Figure 5 Investigation of the inhibition type of inhibitors 6 (fondaparinux) and 7 (G9694) at human NPP1. In (A, B), the Michaelis-Menten curves are shown without and in the presence of different concentrations of the inhibitor. Lineweaver-Burk plots are shown in (C, D) indicating the inhibition type. The kinetic parameters of ATP hydrolysis by NPP1, in the absence and presence of inhibitors 6 and 7, are provided in the table. The results indicate a mixed type of inhibition. Data were obtained from three independent experiments, each performed in duplicate.

3.4 Identification of cancer cell lines with high NPP1 expression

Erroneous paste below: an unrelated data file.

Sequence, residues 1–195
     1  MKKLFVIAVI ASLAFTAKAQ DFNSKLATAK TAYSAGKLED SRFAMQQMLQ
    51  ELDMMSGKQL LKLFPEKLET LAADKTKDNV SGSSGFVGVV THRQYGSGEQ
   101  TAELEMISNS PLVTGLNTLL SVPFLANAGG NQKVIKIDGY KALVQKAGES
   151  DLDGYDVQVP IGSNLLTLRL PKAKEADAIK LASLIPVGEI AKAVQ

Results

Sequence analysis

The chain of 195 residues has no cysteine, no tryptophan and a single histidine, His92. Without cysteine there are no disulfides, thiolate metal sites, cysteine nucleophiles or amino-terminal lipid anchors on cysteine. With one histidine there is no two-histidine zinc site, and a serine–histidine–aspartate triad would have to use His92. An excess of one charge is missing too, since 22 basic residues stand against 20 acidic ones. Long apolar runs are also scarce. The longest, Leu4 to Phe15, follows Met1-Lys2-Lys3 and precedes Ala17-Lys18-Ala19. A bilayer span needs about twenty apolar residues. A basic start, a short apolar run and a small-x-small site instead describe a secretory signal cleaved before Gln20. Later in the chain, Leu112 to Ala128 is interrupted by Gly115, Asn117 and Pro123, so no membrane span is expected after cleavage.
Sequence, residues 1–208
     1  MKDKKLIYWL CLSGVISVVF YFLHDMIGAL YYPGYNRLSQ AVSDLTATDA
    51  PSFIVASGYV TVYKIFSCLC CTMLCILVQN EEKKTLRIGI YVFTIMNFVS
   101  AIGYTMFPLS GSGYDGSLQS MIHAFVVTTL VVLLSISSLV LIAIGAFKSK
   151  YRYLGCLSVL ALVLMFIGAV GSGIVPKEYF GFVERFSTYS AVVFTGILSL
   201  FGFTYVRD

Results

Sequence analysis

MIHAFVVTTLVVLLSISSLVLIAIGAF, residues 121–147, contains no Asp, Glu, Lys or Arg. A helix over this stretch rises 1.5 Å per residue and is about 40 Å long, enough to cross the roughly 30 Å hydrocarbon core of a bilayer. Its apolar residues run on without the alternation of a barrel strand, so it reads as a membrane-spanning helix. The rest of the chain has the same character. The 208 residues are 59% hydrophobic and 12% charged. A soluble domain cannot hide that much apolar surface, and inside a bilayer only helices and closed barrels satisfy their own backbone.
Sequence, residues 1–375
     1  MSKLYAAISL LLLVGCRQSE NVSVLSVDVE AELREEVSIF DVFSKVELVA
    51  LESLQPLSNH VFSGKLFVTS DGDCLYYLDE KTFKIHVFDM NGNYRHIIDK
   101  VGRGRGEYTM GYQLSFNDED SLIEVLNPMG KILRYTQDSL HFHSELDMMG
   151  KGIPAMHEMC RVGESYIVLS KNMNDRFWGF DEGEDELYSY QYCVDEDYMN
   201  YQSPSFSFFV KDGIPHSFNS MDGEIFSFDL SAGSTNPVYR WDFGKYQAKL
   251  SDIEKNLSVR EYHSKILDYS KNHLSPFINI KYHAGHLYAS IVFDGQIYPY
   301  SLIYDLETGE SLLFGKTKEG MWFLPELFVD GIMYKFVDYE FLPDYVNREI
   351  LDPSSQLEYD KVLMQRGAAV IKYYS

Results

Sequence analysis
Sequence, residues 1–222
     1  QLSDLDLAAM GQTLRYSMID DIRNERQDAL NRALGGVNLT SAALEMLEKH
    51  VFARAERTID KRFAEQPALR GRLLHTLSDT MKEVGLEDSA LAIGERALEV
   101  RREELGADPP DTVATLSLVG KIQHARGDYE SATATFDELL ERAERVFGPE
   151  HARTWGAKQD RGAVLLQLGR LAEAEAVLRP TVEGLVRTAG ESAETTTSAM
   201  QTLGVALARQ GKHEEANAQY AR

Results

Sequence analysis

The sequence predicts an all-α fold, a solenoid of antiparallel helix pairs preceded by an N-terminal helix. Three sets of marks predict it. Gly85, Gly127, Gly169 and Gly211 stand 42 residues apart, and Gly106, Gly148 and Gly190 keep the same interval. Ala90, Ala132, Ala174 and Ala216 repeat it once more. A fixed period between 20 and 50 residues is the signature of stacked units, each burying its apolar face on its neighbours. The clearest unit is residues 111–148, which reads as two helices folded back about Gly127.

To test the compounds in a more complex system, we searched for a native cell line with high NPP1 expression. Thus, mRNA expression analysis of ectonucleotidases in several tumor cell lines was carried out. Altogether, 10 different cell lines were investigated with respect to 8 genes encoding members of the ectonucleotidase family. Expression of NPP1 was previously reported to be increased in human astrocytic brain tumors (glioblastoma), and NPP1 expression was observed to increase with tumor grade (40). NPP1 was also shown to be expressed in N2a mouse neuroblastoma cells, the expression level significantly decreasing upon differentiation into a neuronal-like phenotype (41). Therefore, we studied the gene expression of adult human brain-derived neural progenitor cells (155Z and 167Z), primary human glioblastoma cell specimens (106Z, 138Z, 46Z, 78Z) and established human glioblastoma cell lines (LN229, T98G, U138 and U87). mRNA expression for NPPs (ENPP-1, -2 and -3), NTPDases (ENTPD1, -2, -3 and -8) and 5’-ectonucleotidase/CD73 (NT5E) was determined by RT-qPCR (quantitative reverse transcription polymerase chain reaction).